How user-friendly should technical software be?

user-friendly-software

Imagine you are writing software someone else will use for one of the following life-critical scenarios:

You obviously don’t want your software to be misused. What I mean is not that someone uses it with malicious intent, but rather someone uses it inappropriately—either because they don’t possess the expertise in the problem domain or they do possess the expertise but perhaps don’t accurately understand what your software is computing—and Something Bad Happens. Human life is threatened. Lots of money is lost. Property is damaged. Lawsuits abound. You get the idea.

When that happens, is it your fault as the software developer, or not? It wouldn’t be that hard to absolve yourself of responsibility because, after all, your software shipped with a huge disclaimer about how it’s not even necessarily correct, and that person using it obviously should have known better. But it doesn’t mean you shouldn’t try to minimize this possibility.

Technical software is easier to use than it’s ever been. Users of such software would certainly agree this is a good thing and has improved productivity. But on the other hand—and I am speaking for my industry of structural engineering design software—the unprecedented ease by which you can click a couple buttons and design a building… is actually quite terrifying when you stop to think about it.

Fancy dialogues. Beautiful contour plot animations that make your clients cry. And—wait for it—results that might be completely wrong.

How can we can set the bar higher? Here is my idea for developers:

Insert roadblocks into software workflows which demand expertise.

Make it so the unqualified user can’t get to a final result without their ignorance being challenged.

I’m not saying to send engineers back to the olden days. You’d be crazy not to take advantage of NumPy if you are a Python scripter or automated mesh generation algorithms in FEA, for example. But at some point—and preferably where a lot of assumptions reside—stop holding the user’s hand. Don’t pre-fill certain dialogs with default parameter values. Treat certain parts of the model definition like a technical challenge—solve this riddle to proceed. (What is your quest? What is your favorite color?) Point to resources that guide parameter or algorithm selection, but do not do it for them.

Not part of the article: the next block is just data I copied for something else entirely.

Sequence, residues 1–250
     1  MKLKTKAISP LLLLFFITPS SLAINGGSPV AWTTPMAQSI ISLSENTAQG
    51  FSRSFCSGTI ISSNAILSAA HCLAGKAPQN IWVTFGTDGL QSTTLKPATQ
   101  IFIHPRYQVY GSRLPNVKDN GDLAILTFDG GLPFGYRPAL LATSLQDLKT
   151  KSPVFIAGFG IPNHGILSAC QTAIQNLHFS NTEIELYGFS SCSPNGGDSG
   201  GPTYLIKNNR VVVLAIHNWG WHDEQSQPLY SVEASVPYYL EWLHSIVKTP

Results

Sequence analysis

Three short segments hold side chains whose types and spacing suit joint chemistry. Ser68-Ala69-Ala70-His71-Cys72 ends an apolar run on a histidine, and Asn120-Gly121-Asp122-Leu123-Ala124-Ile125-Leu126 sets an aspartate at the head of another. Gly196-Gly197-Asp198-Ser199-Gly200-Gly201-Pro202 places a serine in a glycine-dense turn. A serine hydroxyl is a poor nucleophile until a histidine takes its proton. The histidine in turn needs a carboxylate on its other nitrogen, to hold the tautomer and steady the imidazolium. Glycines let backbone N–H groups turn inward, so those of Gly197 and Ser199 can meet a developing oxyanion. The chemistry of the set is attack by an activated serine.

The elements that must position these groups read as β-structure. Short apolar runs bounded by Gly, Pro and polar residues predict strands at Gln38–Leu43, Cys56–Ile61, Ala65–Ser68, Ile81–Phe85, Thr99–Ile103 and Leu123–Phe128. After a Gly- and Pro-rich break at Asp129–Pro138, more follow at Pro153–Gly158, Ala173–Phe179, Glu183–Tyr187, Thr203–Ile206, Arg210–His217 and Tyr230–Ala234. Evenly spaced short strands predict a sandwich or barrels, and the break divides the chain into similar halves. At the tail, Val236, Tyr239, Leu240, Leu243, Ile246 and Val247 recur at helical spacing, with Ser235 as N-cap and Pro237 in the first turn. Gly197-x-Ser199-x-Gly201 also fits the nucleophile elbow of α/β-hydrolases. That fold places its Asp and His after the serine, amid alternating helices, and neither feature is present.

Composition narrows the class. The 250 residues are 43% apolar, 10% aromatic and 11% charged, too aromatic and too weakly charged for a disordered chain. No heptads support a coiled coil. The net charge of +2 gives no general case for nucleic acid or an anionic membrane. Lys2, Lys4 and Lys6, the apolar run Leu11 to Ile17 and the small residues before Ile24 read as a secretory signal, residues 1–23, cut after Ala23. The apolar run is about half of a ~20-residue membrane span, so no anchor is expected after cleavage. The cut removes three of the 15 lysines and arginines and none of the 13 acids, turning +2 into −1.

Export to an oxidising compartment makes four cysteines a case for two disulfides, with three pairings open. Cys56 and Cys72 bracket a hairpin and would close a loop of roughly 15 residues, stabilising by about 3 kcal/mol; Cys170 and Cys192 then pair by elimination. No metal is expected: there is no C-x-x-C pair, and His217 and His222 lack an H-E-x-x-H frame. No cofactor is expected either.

I’ll end this with an example from my personal experience where I think software developers got it exactly right.

Several years ago I had to solve a concrete failure problem in Abaqus, one of the standard finite element codes in the mechanical, aerospace, automotive, biotech, and defense arenas. I was using the so-called concrete damaged plasticity model (Lubliner et al. 1989 and Lee and Fenves 1998). Abaqus is probably best-in-class in terms of model visualization and creation—I don’t know a faster path to a detailed and accurate finite element mesh. I love Abaqus.

But when it came time to define the nonlinear material model, I could not move past this stage without deep immersion in the source journal articles. It took me weeks to understand the formulations well enough to define the material input. Yes, they could have pre-populated the material definition dialogue with default values. But I think Abaqus got it exactly right here. Their “limitation” forced me to take responsibility in a way that I couldn’t circumvent. My results were all the better for it. (As a side note, there are multiple peer-reviewed publications simply exploring how to determine the input parameters for this particular model—it’s not just me.)

Monumental pain? Yes, but that’s my job as an engineer or scientist.

And it’s your user’s job as well.